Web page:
Tuesday, March 1, 2011

A Bit of Musing on Rheumatoid Arthritis

Quick disclaimer: I don't mean to speak for all people everywhere with RA. I'm just drawing on how it's affected me personally. Different people have different experiences.

I also don't want to come across as like "OH MY GOSH MY LIFE IS A FAILLLLLLL" because that's silly and that pity party is not worth the time or the effort. :-) I think sometimes, though, people are interested in knowing what it's like living on a day-to-day basis with something like this. I know I personally like hearing stories from people whose life is different from mine. It helps me understand them (and humanity as a whole) better. So here goes.

I think one of the things that people don't realize about my dealing with arthritis is that it's not just about the pain. Ultimately, I can push past the pain if I need to. Adrenaline for Beauty and the Beast got me through the dance numbers. Looming deadlines get me through typing up long papers.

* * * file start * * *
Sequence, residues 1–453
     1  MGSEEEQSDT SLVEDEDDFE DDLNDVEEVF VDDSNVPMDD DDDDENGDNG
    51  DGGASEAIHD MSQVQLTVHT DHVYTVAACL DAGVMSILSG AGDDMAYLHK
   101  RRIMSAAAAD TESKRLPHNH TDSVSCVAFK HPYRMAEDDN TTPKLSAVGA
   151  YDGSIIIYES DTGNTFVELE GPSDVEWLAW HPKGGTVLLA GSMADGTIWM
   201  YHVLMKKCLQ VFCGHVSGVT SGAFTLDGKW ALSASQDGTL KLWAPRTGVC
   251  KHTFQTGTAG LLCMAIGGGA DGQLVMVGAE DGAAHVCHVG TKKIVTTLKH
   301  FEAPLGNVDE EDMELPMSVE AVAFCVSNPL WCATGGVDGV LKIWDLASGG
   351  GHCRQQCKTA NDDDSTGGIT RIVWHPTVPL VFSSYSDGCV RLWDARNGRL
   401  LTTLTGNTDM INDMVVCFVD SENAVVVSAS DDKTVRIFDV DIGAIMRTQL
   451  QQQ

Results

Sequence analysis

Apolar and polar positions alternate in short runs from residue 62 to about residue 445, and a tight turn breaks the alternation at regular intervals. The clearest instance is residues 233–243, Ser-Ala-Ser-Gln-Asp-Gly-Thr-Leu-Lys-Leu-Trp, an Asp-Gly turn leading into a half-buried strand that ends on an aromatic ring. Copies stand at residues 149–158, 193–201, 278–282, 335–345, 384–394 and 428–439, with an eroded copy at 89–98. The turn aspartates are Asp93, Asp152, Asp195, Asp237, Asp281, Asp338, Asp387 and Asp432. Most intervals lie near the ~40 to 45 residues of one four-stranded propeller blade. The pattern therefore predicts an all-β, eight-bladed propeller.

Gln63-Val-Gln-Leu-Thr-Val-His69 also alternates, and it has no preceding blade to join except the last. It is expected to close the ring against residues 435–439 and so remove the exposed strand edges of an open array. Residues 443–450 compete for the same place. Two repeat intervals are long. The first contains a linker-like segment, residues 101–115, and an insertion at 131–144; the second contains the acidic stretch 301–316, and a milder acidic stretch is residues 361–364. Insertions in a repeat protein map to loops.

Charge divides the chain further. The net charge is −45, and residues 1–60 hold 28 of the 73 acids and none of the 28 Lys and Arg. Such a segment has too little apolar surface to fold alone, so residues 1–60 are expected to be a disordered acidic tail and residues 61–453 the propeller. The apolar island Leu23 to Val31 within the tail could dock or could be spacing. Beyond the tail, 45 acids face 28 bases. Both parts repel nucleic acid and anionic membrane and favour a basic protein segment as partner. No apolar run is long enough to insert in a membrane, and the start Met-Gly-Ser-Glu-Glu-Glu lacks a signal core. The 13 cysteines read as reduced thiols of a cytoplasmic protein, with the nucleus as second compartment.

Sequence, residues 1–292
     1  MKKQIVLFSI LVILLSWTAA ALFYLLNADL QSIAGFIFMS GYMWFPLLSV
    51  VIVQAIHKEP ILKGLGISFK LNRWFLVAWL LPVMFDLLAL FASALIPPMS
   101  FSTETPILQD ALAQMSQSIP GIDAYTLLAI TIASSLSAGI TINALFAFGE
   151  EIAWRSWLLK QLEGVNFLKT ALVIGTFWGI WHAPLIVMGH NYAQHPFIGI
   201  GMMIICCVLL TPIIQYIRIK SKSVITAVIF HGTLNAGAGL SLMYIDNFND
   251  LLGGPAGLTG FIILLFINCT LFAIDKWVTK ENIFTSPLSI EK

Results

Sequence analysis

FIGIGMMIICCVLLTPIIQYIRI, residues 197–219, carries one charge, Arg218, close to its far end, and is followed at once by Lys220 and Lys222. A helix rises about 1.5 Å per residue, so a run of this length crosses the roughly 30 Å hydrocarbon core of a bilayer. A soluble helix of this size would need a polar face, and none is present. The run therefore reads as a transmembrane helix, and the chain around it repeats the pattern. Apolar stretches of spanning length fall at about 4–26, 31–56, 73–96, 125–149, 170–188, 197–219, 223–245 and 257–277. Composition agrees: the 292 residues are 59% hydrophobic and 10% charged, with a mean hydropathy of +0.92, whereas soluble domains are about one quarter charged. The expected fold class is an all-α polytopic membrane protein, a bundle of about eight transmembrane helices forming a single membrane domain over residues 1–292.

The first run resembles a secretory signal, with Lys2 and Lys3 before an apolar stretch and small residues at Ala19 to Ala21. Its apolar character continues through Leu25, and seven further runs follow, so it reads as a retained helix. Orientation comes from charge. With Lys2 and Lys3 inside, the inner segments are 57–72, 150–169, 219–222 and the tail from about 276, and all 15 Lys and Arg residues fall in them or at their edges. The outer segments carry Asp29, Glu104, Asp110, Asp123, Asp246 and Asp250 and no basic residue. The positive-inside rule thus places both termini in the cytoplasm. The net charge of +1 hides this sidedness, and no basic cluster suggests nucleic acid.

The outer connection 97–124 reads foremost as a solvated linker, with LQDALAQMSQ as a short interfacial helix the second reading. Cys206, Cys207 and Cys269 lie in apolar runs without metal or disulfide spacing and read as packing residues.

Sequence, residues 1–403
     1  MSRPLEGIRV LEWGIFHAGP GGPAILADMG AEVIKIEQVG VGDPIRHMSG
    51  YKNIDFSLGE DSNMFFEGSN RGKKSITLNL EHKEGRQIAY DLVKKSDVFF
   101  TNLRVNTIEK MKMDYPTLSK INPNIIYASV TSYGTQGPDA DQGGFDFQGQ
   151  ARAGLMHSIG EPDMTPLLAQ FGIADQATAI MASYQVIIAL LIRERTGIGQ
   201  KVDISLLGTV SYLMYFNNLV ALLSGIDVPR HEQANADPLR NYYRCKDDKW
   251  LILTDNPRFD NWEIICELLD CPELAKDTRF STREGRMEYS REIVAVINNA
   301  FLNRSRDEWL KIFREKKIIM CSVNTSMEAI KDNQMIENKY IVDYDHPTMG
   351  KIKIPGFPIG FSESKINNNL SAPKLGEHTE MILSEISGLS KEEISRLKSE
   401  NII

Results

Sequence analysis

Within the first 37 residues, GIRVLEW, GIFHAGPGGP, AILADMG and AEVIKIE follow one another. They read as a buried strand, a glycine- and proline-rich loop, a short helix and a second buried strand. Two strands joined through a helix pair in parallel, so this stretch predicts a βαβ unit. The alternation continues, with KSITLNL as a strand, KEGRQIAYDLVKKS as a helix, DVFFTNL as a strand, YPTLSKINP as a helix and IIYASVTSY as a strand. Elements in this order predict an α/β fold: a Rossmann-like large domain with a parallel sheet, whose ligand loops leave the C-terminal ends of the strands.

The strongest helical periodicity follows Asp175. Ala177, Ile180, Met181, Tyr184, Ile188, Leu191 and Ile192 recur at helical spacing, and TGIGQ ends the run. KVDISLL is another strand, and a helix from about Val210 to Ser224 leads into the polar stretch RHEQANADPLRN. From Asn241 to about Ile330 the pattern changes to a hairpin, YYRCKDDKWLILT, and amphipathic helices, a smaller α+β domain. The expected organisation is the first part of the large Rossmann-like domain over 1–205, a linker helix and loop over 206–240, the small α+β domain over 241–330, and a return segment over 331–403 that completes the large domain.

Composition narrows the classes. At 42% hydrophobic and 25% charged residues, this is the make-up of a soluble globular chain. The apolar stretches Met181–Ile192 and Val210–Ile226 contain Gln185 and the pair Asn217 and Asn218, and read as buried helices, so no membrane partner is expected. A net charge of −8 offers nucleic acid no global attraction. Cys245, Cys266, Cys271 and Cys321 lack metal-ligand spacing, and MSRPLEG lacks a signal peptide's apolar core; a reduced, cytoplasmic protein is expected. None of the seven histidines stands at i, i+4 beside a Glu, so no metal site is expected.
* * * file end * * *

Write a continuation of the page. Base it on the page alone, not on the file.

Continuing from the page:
But it's exhausting.

When I have a flare-up, every action takes about three times the amount of steps it used to. Removing my coat is an arduous process. I'm constantly switching tactics as I try to wiggle myself out of it attempting not to aggravate a joint. (My internal monologue is something like: "OK, that's about as far as I can move my shoulder, let's try to pull the jacket sleeve down with my other hand. OK, now I think I can wiggle my shoulder a bit more and maybe the sleeve will scoot down. All right... Almost... Almost... I just need to pull my whole arm back a little bit and I think that should do it... OK, brace yourself, this is going to hurt. One... two... GO! Oh, ouch. But phew. That's one sleeve done.")

Not only is it physically exhausting, but it's mentally exhausting. I have to think about everything you do, otherwise I suddenly find I've moved my knee in a direction it didn't want to go today. It's like walking across thin ice versus walking across a basketball court. The mental concentration involved in navigating the first one safely means that when you finally get across, you just want to lie down and rest for awhile.

I sleep a lot more when I have arthritis flare-ups. My mind and body get overloaded as I work to protect myself. So, um, in silly lame conclusion: zzzzzzzzzzzzzzzzzzzz...

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